The final event within the series of public talks by the key music players representing the UK music will welcome one of the most prominent and well-respected UK composers Sir James MacMillan.
The Scottish composer Sir James MacMillan investigates the composer’s relationship with the world and its concerns. Can a composer’s music and life have a reach and impact on society and its ethics? Or are such aspirations futile and irrelevant? Can a composer be useful to his community? And does music’s innate and constant search for the sacred have any bearing on this?
Dates and Venues
Tuesday, 10 March 2020, 19:30
Scriabin Memorial Museum
Moscow, Bolshoy Nikolopeskovsky lane 11
Wednesday 11 March 2020, 19:30
The D.D. Shostakovich St Petersburg Academic Philharmonia
St Petersburg, Mikhailovskaya st., 2
About Sir James MacMillan
Sir James MacMillan is one of today’s most successful composers and is also internationally active as a conductor. His musical language is flooded with influences from his Scottish heritage, Catholic faith, social conscience and close connection with Celtic folk music, blended with influences from Far Eastern, Scandinavian and Eastern European music. MacMillan’s prolific output includes The Confession of Isobel Gowdie, Veni, Veni, Emmanuel, and five symphonies. Recent major works include his Percussion Concerto No.2 for Colin Currie and his Stabat Mater.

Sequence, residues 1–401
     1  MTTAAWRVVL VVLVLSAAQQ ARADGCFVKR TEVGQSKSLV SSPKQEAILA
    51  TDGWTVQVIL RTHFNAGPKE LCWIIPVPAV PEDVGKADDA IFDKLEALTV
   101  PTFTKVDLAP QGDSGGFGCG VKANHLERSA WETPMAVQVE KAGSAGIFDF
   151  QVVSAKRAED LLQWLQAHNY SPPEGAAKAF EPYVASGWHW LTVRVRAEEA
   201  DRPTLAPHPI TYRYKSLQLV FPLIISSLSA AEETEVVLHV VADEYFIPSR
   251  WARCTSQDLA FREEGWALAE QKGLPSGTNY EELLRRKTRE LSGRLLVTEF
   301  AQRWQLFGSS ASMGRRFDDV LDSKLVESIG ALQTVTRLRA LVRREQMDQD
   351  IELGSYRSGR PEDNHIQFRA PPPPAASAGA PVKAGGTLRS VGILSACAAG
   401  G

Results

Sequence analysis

Highlights of 2019 include a major feature at Edinburgh International Festival as part of his 60th birthday year, including the world premiere of Symphony No.5 ‘Le grand inconnu’. MacMillan also conducts Cincinnati Symphony, Scottish Chamber Orchestra, Trondheim Symphony and Brussels Philharmonic Orchestras and his 60th birthday is celebrated widely, featuring his music at the Three Choirs Festival, BBC Proms, Cincinnati May Festival and Lincoln Center’s White Light Festival. In October 2014 MacMillan founded his music festival, The Cumnock Tryst, which takes place annually in his native Ayrshire. MacMillan was awarded a CBE in 2004 and a Knighthood in 2015.
Free admission with advance registration
The lecture will be held in English with simultaneous interpreting into Russian